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China leapfrogs the US in mobile phone shipments

China outsold the U.S. in smartphones in the second half of last year, helped by carrier subsidies and the proliferation of the sub-$200 Android segment. The growing Chinese demand for smartphones, while a good sign for handset makers, also bodes well for Chinese telecom companies such as China Mobile, China Unicom and China Telecom.

However, such a massive target is bound to attract the attention of the bad guys writing malware - and analysts are warning of a new kind of massively coordinated attack in which infected devices coorperate, such as launching DDOS attacks on demand. With a smaller pool of compromised devices, these would prove ineffective, but users are now being warned of the effects these kinds of attacks could have when given the huge numbers involved.

Scaled up virus attacks

China is likely to become the biggest market for mobile devices running Android and Apple Inc's iOS operating systems by March next year, overtaking the United States, predicted Flurry Analytics, a global mobile application analysis organization.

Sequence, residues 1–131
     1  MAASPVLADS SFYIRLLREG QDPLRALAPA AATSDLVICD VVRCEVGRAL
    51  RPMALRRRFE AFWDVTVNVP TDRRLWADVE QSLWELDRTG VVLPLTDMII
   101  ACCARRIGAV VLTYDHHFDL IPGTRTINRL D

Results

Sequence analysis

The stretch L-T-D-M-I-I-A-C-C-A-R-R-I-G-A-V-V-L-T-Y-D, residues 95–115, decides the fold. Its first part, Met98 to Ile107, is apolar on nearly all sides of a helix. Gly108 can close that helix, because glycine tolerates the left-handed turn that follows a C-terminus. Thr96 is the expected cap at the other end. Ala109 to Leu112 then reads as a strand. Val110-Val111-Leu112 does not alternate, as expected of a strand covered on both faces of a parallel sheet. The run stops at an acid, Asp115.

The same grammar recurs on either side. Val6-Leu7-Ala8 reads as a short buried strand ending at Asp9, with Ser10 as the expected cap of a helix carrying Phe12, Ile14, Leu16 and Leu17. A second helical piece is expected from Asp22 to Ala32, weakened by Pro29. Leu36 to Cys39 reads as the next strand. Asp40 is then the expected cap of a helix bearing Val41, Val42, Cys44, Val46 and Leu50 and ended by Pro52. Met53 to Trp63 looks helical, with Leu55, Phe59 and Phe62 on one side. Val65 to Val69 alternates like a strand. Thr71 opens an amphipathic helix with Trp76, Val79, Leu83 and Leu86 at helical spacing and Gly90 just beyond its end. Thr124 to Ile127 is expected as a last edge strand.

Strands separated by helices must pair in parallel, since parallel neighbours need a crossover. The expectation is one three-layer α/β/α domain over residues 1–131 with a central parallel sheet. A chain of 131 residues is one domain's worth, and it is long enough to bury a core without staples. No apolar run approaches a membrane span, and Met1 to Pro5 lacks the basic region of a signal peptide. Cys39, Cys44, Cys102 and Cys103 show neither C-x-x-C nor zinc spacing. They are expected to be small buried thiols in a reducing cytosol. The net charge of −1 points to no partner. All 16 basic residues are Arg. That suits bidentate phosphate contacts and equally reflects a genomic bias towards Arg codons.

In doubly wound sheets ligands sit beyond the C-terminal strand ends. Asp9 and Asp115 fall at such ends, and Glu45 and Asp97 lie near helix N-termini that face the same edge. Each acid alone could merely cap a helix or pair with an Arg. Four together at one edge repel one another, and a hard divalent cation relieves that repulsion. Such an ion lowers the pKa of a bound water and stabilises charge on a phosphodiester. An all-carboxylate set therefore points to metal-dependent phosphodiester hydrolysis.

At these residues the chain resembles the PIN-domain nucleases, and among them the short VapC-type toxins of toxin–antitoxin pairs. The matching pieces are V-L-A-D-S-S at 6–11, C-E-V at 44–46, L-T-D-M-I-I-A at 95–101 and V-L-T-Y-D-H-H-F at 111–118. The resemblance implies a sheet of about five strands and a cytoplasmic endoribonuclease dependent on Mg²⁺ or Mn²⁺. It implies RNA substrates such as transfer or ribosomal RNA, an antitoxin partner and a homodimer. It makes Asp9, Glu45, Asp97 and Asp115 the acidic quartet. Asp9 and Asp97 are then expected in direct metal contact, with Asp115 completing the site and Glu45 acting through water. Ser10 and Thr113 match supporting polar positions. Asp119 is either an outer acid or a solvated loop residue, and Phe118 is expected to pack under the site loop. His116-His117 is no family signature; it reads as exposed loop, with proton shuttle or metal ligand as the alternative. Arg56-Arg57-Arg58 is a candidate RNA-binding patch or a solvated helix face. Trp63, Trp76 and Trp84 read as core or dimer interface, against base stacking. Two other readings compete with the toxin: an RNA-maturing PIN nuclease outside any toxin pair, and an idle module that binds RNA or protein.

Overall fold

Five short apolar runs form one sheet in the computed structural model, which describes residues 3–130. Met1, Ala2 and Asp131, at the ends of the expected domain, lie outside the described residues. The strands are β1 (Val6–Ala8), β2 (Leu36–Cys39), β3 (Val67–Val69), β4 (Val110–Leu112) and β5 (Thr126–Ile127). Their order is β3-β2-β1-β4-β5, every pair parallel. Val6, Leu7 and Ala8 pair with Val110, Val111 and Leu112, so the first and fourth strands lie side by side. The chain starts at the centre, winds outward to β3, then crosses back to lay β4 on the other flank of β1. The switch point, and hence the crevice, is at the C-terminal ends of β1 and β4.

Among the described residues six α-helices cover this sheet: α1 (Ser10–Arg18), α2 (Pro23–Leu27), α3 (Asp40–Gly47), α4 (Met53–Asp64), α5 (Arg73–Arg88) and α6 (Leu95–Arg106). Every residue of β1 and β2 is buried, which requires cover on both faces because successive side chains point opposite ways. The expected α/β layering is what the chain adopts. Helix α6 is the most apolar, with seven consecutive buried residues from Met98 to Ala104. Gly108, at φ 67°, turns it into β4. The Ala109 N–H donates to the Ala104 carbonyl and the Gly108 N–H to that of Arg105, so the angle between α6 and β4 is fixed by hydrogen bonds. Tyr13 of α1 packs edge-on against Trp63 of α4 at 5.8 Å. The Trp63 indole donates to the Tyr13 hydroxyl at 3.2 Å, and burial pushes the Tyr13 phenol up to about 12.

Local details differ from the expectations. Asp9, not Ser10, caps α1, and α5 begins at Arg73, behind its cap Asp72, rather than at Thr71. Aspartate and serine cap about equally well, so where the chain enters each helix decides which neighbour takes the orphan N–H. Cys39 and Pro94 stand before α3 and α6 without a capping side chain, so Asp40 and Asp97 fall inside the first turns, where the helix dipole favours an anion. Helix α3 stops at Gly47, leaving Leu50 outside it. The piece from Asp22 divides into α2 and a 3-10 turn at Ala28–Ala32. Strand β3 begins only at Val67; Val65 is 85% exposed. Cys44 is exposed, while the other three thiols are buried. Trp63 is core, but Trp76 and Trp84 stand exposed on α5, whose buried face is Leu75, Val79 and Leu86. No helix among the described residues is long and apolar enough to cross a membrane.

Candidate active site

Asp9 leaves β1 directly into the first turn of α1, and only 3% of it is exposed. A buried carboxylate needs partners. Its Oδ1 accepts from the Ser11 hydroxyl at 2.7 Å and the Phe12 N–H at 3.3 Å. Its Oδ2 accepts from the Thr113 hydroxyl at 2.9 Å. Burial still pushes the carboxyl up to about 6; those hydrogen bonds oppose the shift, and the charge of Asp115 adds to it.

The country's Internet giants, including Baidu Inc and Tencent Holdings Ltd, said earlier this year that they will "actively" work with Internet security developers to provide better services to customers.

The modern Chinese approach to innovation, as Willy Lam of the Jamestown Foundation sees it, is “reminiscent of the Soviet Union.”

Experts point to the ‘MMarketPay.A’ mobile virus, which hit China in July 2012. Identified by mobile security company TrustGo, the malware can order content from China Mobile’s app store, and TrustGo found evidence that it has already infected content in the following third party app stores: nDuoa, GFan, AppChina, LIQU, ANFONE, Soft.3g.cn, TalkPhone, 159.com and AZ4SD.

MMarketPlay.A didn't make it to Google Play, but the nature of China’s app ecosystem — which has hundreds of app stores that are popular with Android owners — is such that the virus has already become a significant threat simply by appearing in a large number of stores, and devices. The fact that the stores are all located in China makes the chances of it spreading out of the country unlikely, but — with Android accounting for some 55 percent of all smartphones in China — it highlights the security pitfalls of the fragmented Android app space in China.